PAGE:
Comment Of The Day: “Life Competence, Social Media, And Crisis Situations”

Night commenter Zanshin—he is one of the participants whose commentary frequently greets me in the morning–delivered a fascinating exercise expanding on my post about students in crisis situations defaulting to texting and social media rather than actively considering survival and defense alternatives.  He was responding to yeoman commentator Chris, a teacher, who appeared to take deep offense at my suggestion that the texts of the Stoneman High School students reflected an unhealthy obsession with electronic devices rather than a healthy acculturation in self-reliance and fortitude in the face of danger.

I’ll mention here what I have said in the relevant comment thread: I know the issue flagged by commenter (and also a teacher)  Andrew Myette was not the one I wrote about based on the link he sent me, but my job is to get everyone thinking about values and ethics even when it hurts, and I knew this angle would be especially uncomfortable to explore.

Here is Zanshin’s Comment of the Day on the post, Life Competence, Social Media, And Crisis Situations:

I can’t speak for Jack, but I sure can come up with,

a specific action the students could have taken that had a strong likelihood of being a better alternative than staying where they were.

Disclaimer 1. The text below is a possible scenario for a fictitious class involved in a school shooting. This is in no way intended to criticize schools, teachers, students and others who have been confronted with real school shootings.

One specific action could be … Oh, this is so good; this one is for you Chris … Haven’t you seen MacGyver? I believe he was part of (y)our generation. He would be so proud of this fictitious class who by relying on their unconventional problem-solving skills saved not only theirs but also other lives.

The teacher and about 5 of the strongest kids, may be members of the wrestling club, and yes, someone like Mack Beggs, who was born female and is transitioning to male while taking steroids, can also participate.

The entrance, the closed door is the one spot where one can get very close to the shooter if he/she tries to get in. That’s his/her vulnerable spot.
So, the other kids hide in the safest spot. But the ‘welcoming committee’ stands on both sides of the door. With all the weapons and shields they can garner. Sticks and stones, a sharpened pencil, a can with hot water, pepper spray may be, certainly some chairs and tables. [I am here assuming the door opens to the outside.] On one side of the door you stack a few tables with one of the smaller kids on top with the can of hot water or a bag with the content of the waste bucket or what-ever one can throw on him from above (and that will not endanger the attackers on the ground).

On the other side of the entrance one of the kids has a broom. Continue reading

Life Competence, Social Media, And Crisis Situations

Cross the Parkland shooting with the ethical problems created by technology, and you get this..

One of our engaged readers sent me this story, about how real-time texting and tweeting have become standard fare during mass shootings and other crisis situations. The story is full of positive words for the phenomenon….

The texts hit a nerve with people because they’re so gut-wrenching and real, Pamela Rutledge, director of the Media Psychology Research Center, tells Yahoo Lifestyle. “They are highly emotional, and enable people to feel empathy and a connection to what the students were feeling at the time,” she says. Social media in particular is good for sharing these texts, Rutledge adds. “Removing the sense of mediation in connection is what social media does best,” she says. “It transports people into events and allows them to share the feelings more intensely.”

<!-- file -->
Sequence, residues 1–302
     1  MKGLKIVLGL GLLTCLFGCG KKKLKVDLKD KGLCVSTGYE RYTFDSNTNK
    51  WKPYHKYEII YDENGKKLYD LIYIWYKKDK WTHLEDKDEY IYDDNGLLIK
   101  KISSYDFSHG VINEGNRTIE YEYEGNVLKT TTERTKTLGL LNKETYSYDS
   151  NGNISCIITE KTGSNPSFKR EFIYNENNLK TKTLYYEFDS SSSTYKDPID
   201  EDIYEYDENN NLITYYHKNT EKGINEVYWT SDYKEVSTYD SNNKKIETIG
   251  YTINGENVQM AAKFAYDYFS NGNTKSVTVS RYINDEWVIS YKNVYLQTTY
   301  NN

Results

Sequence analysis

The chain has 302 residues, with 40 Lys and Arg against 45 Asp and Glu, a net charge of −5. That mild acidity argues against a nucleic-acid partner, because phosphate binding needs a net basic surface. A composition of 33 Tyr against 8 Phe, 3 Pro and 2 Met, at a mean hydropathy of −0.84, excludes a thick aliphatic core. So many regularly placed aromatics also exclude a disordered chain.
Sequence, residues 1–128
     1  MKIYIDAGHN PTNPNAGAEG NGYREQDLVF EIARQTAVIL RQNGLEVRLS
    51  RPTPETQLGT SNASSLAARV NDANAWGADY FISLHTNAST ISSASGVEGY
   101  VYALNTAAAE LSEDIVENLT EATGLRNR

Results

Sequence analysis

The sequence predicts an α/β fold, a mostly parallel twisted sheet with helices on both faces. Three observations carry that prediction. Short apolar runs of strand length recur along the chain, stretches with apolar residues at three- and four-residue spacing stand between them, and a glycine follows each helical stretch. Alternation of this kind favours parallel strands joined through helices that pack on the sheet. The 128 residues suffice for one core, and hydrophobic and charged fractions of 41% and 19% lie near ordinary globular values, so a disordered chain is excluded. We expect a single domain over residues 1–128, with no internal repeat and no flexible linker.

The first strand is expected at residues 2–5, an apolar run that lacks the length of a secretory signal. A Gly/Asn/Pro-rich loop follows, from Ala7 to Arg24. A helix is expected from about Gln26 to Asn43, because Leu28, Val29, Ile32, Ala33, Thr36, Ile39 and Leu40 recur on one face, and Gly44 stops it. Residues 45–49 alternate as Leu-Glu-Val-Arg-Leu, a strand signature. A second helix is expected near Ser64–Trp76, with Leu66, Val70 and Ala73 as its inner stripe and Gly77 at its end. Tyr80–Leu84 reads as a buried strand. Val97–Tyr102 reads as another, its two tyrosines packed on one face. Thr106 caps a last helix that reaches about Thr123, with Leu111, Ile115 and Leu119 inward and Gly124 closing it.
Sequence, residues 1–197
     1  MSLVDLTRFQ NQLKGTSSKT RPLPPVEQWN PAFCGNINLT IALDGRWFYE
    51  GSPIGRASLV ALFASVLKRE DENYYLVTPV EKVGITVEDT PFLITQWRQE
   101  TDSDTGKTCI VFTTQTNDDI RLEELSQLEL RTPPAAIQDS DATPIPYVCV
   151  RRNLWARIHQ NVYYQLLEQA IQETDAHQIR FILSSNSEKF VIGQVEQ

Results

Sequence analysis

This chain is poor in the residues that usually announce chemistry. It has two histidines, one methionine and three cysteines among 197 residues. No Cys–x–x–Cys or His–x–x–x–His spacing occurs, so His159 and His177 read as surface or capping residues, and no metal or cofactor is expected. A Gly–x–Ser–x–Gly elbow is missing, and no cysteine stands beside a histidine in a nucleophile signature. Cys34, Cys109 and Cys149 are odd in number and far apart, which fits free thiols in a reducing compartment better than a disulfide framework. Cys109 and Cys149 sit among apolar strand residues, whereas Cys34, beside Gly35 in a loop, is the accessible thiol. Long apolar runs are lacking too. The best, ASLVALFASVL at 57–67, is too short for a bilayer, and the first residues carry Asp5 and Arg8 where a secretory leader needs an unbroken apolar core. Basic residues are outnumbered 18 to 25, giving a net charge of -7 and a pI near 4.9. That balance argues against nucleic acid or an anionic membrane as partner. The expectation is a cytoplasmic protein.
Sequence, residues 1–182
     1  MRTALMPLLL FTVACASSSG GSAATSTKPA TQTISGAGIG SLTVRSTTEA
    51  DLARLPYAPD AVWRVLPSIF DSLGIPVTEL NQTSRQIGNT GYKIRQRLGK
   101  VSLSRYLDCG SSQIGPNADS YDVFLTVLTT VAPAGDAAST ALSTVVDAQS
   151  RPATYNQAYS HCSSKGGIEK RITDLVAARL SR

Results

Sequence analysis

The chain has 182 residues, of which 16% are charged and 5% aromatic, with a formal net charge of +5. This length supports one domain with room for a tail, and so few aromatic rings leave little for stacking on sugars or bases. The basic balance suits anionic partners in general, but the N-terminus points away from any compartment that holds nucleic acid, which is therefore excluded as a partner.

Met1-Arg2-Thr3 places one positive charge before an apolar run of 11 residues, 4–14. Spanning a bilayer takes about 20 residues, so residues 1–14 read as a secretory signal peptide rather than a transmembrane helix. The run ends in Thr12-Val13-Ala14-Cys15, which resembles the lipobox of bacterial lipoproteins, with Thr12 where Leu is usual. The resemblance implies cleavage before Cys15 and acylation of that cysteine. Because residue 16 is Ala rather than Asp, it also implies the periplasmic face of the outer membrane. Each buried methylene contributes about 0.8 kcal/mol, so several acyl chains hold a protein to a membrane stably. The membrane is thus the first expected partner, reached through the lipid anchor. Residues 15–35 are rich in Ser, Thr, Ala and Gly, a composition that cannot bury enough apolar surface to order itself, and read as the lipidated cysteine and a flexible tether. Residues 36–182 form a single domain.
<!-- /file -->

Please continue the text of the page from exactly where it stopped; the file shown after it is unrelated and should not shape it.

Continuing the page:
The messages are also stimulating to people and create a horror-story-type feeling — except they’re not made up, clinical psychologist John Mayer, author of Family Fit: Find Your Balance in Life, tells Yahoo Lifestyle. That can also make the experience more real. “They bring the reality of the dangers in the world into one’s life and right into your personal space,” Mayer says. “Therefore, it becomes even more frightening.”

The texts also allow people to experience the events vicariously, albeit from a safe distance, and can prompt feelings of gratitude and appreciation for the safety they do have, Rutledge says.

But these kinds of texts really resonate because they’re authentic and straight from the source. “They are real-time reporting of feelings and events,” Rutledge points out.

Well, it’s certainly nice that vivid reporting comes out of massacres! What would we do without social media and cell phones!

My reaction is completely different: Why are these people texting and tweeting in the middle of a crisis? Continue reading

Ethics Quiz: “Rear Window” Ethics At The Ball Game

RearWindow1

The New York Daily News recounts the tale of two sisters attending an Atlanta Braves game who exposed a man’s cheating wife by taking photos of her as she apparently sexted another man with her arm around her husband. Delana and Brynn Hinson posted photos of her texts on Twitter.

The sisters said they slipped a note to the woman’s suspected husband as he was leaving, which read,

“Your wife is cheating on you. Look at the messages under Nancy! It’s really a man named Mark Allen.”

You can read the details—accurate or not—here.

I don’t care if the story is exactly as it was reported. Let’s assume it is.

The Ethics Alarms Ethics Quiz for the day is this:

Did the sisters behave ethically when they informed the husband about his wife’s secret texting?

Continue reading